How very Portland
Almost one-third of 430 billion pounds of edible food produced in 2010 was never eaten, according to a 2014 report from the USDA. Beyond the millions of people in hunger, food waste is a several-pronged issue: Not only does food waste generate methane gas that destroys the environment, but it's one of the largest parts of US landfills. That’s exactly what makes this brand of ice cream made with garbage amazing, albeit bizarre. Portland’s Salt & Straw has partnered with the nonprofit Urban Gleaners to roll out a limited-edition "trash" menu of upcycled ice cream, and according to Munchies, it’s delicious.
Salt & Straw founder Tyler Malek came up with the idea after talking to Urban Gleaners founder Tracy Orseran. Urban Gleaners works to "collect and redistribute" excess edible food from restaurants, grocery stores, and food producers, according to Munchies. That's why the organization partnered with Salt & Straw to reach out to businesses, farmers, and nonprofits to collect as much wasted food as they could. The food was tested for possible pathogens before it was mixed into ice cream recipes served in Portland, Los Angeles, and San Francisco.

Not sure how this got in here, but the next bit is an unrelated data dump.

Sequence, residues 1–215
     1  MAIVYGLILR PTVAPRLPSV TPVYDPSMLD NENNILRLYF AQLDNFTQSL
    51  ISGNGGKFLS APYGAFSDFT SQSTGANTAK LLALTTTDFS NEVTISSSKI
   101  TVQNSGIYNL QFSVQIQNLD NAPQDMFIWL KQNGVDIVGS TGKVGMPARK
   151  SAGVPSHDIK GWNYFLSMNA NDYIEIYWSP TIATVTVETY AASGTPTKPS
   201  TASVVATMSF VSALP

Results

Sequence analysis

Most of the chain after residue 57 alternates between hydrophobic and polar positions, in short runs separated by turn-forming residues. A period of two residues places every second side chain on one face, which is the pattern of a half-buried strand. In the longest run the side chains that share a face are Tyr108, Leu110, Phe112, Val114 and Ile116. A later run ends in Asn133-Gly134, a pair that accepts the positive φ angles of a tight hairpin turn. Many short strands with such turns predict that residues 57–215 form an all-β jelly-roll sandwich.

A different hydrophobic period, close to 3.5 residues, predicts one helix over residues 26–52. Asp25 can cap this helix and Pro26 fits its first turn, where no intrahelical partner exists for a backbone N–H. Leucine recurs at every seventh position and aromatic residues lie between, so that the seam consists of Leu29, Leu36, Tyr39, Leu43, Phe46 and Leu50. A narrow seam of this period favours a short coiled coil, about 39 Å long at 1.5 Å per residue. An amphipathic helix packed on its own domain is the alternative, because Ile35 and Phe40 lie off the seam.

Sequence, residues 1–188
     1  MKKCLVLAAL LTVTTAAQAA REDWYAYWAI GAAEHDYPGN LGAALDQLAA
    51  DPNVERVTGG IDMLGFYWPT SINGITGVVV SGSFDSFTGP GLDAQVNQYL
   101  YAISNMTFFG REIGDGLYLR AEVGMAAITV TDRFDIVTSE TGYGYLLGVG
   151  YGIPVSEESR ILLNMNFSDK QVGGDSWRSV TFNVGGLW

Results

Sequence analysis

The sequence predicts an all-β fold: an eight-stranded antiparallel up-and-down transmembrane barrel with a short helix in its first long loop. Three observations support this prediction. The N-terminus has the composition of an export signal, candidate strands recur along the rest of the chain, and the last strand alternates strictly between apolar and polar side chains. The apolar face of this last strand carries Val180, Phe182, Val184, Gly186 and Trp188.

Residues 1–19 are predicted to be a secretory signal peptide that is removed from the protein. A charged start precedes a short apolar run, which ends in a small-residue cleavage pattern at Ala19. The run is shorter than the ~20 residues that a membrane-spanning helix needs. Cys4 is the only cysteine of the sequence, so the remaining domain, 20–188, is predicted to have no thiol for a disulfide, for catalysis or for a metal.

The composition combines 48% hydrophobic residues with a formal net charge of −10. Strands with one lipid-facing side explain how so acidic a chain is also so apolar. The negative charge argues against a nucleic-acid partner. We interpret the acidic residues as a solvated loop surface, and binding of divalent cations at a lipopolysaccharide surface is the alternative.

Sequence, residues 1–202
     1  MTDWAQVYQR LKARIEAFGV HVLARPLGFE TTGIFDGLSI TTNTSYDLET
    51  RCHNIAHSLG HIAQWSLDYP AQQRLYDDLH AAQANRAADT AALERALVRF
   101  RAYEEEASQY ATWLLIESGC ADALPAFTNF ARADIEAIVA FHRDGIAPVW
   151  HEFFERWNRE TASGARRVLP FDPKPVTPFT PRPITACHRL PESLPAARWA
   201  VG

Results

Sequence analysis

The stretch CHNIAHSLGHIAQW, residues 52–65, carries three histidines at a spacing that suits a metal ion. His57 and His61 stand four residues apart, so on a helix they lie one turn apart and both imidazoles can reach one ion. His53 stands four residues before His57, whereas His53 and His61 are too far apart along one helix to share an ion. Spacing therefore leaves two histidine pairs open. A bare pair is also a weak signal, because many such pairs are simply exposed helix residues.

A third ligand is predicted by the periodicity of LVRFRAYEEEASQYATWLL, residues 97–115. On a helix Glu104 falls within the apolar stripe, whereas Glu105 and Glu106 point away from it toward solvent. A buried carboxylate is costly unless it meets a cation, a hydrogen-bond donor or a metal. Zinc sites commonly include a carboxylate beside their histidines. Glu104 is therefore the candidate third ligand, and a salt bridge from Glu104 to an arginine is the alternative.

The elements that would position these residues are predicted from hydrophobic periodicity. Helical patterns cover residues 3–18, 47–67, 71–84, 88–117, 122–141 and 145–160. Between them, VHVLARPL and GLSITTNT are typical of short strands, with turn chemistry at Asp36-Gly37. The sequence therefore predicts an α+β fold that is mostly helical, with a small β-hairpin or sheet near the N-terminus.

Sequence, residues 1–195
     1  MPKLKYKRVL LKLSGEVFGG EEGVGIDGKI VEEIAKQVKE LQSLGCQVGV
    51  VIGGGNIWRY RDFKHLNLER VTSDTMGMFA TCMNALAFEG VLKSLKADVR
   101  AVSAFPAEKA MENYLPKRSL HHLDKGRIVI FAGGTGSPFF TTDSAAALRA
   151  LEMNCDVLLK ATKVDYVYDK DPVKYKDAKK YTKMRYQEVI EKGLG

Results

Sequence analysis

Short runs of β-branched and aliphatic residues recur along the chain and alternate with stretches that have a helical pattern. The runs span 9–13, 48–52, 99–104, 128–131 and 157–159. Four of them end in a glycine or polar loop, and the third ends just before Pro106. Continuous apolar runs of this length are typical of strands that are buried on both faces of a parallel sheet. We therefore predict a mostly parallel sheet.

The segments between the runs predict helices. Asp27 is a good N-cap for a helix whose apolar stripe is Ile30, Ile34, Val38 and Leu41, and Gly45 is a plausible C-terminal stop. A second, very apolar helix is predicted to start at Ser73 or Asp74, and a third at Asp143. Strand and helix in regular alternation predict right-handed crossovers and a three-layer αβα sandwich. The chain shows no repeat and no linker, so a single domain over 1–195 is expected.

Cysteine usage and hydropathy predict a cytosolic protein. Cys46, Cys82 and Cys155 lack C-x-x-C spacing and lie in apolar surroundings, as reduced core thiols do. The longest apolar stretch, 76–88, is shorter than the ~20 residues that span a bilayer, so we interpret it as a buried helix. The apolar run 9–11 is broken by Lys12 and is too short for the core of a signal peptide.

"It wasn't easy," Malek told Munchies. "The flavors came down to what was available. We had to really evolve and get innovative with our purchasing and our food safety. We chose the flavors among 22 different people: Our partners from all of our locations in Portland, Los Angeles, and San Francisco. Each city brought different beneficiaries with different approaches."
Each city ended up having flavors based on food waste collected in its own area. For example, toasted baguette PB&J came about because of an excess of bread acquired by Urban Gleaners, while California's citrus trees led to various citrus flavors. "When you read the flavors, they might not seem as innovative," Malek said. "But if you read into these pairings along with their stories, this was by far the most innovative thing we've ever done."